I’m a ski instructor and ski nearly every day— I learned as an adult so a lot of the things that seem to come naturally to people who grew up skiing are things I had to figure out. At this point I love my thin, no cushion Darn Tough socks, I have custom footbeds and Zipfit liners (LOVE THEM), and a booster strap I put under the shell, but the biggest difference is definitely in how I buckle. I’ve been told that the bottom two buckles are “to keep water out” so they really shouldn’t be particularly tight, just enough to seal. Those I mostly leave latched. The ankle buckles (upper and lower) make a huge difference for me; if I latch them too early in my day I get cramping in my calf, numb feet, locked up ankles— it’s awful. So I ski my first 2 or 3 runs with those top two unlatched; if I’m teaching on green trails I usually don’t latch them at all. If you’ve never tried this I highly recommend it. (It will feel unnerving at first but it’s a wonderful way to ensure you’re really balanced and using ankle flexion effectively. Ski slowly, focus on round pretty turns.) When I want to start skiing faster or with higher performance I latch those buckles; I always pop them on the lift rides.

I described the buckle tension like this recently: I want them to feel more like flipping a light switch than like opening a can of seltzer. If your boots really fit well you don’t need them to be cranked down; it’s really not better!

Oh, and I hear great things about boot heaters. I’m probably going to get some too, just haven’t gotten around to it.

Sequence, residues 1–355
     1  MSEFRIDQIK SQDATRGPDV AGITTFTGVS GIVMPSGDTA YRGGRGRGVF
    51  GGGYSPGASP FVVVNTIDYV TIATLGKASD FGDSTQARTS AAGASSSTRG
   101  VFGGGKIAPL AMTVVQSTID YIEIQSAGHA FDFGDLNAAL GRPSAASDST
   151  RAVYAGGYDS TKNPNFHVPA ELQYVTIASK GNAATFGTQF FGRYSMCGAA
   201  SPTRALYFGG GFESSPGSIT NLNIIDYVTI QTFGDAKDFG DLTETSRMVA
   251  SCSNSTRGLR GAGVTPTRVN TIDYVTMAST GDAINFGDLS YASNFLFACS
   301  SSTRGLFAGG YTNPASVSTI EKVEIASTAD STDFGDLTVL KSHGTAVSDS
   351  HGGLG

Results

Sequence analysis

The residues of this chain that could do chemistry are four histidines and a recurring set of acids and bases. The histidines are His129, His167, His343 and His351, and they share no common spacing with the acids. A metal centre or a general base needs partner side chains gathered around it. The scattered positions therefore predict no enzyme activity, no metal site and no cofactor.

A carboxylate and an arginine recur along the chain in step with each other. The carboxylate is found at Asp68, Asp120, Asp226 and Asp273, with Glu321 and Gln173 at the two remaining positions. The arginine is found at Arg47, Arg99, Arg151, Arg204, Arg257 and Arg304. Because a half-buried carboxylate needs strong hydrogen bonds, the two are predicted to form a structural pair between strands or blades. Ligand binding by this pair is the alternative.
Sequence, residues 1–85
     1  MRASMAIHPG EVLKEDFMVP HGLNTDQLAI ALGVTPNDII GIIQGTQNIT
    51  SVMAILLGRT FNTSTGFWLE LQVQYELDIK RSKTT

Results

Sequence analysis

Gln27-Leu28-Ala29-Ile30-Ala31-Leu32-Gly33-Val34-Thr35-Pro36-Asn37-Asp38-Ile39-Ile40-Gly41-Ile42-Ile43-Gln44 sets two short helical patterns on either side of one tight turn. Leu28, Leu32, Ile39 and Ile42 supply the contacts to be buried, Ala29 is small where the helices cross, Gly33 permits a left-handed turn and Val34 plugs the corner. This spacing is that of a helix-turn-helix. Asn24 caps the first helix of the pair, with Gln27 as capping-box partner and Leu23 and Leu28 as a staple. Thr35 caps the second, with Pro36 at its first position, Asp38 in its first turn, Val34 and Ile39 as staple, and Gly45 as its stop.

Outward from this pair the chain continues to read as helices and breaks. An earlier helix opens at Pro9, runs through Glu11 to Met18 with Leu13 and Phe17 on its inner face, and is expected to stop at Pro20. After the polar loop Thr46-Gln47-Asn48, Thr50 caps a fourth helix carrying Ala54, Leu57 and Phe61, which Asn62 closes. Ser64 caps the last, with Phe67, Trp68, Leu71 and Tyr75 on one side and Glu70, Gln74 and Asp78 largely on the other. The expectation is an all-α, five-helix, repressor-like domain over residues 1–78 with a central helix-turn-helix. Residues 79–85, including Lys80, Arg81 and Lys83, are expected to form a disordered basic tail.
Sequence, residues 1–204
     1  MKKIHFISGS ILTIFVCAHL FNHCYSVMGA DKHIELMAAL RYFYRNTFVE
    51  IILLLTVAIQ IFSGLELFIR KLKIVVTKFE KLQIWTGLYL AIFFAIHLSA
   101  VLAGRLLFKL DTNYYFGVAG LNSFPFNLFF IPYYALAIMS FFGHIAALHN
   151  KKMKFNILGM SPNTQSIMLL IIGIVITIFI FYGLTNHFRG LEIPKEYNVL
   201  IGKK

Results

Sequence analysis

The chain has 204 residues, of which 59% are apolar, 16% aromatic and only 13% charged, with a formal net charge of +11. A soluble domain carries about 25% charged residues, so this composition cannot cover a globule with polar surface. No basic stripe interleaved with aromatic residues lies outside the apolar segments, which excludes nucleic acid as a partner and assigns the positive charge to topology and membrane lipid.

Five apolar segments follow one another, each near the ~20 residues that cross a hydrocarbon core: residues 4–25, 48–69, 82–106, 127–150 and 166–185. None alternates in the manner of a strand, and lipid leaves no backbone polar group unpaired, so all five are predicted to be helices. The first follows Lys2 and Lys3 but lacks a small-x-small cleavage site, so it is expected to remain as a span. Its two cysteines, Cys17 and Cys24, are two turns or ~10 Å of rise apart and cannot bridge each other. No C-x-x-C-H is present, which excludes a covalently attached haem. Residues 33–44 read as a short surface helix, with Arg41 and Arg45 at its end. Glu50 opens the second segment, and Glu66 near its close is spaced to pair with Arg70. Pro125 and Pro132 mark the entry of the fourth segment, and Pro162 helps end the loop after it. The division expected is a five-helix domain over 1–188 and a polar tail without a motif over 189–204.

echo_VT

Angel Diva
I also do a bit of what @empogo and @mustski do along with what some others have said. Trapping the air out keeps things cold but letting it warm up then buckling helps. I always buckle at the top of the lift after getting off — and unbuckle at the bottom for first 2-4 runs of the day.

another thing I make sure is the tension across boots buckles — that is, is how many turns the buckle catch on the ball joint is turned. I typically know which ratchet I’m going to use at first and where I will end up over the course of the day. It also depends on outside temps.

for the ball joint of the buckle catch: Lefty loosy, righty tighty. Usually when they are unbuckled I have them placed on the closest latch so they don’t spin around while taking those first turns. Also they may not be identical from left to right foot, something to note and communicate with your bootfitter.

If I forget I have to spend time getting it right cuz otherwise the pressure is not going to be right. If it’s too tight or too loose I pull over when skiing and fix my boot(s) and continue.

it is annoying but it is worse to be uncomfortable…!

Another thing I do is canting and using boot tracks to protect the bottoms of the ski boots. It’s all optimal energy transfer focused!
 

echo_VT

Angel Diva
Some articles of options and opinions: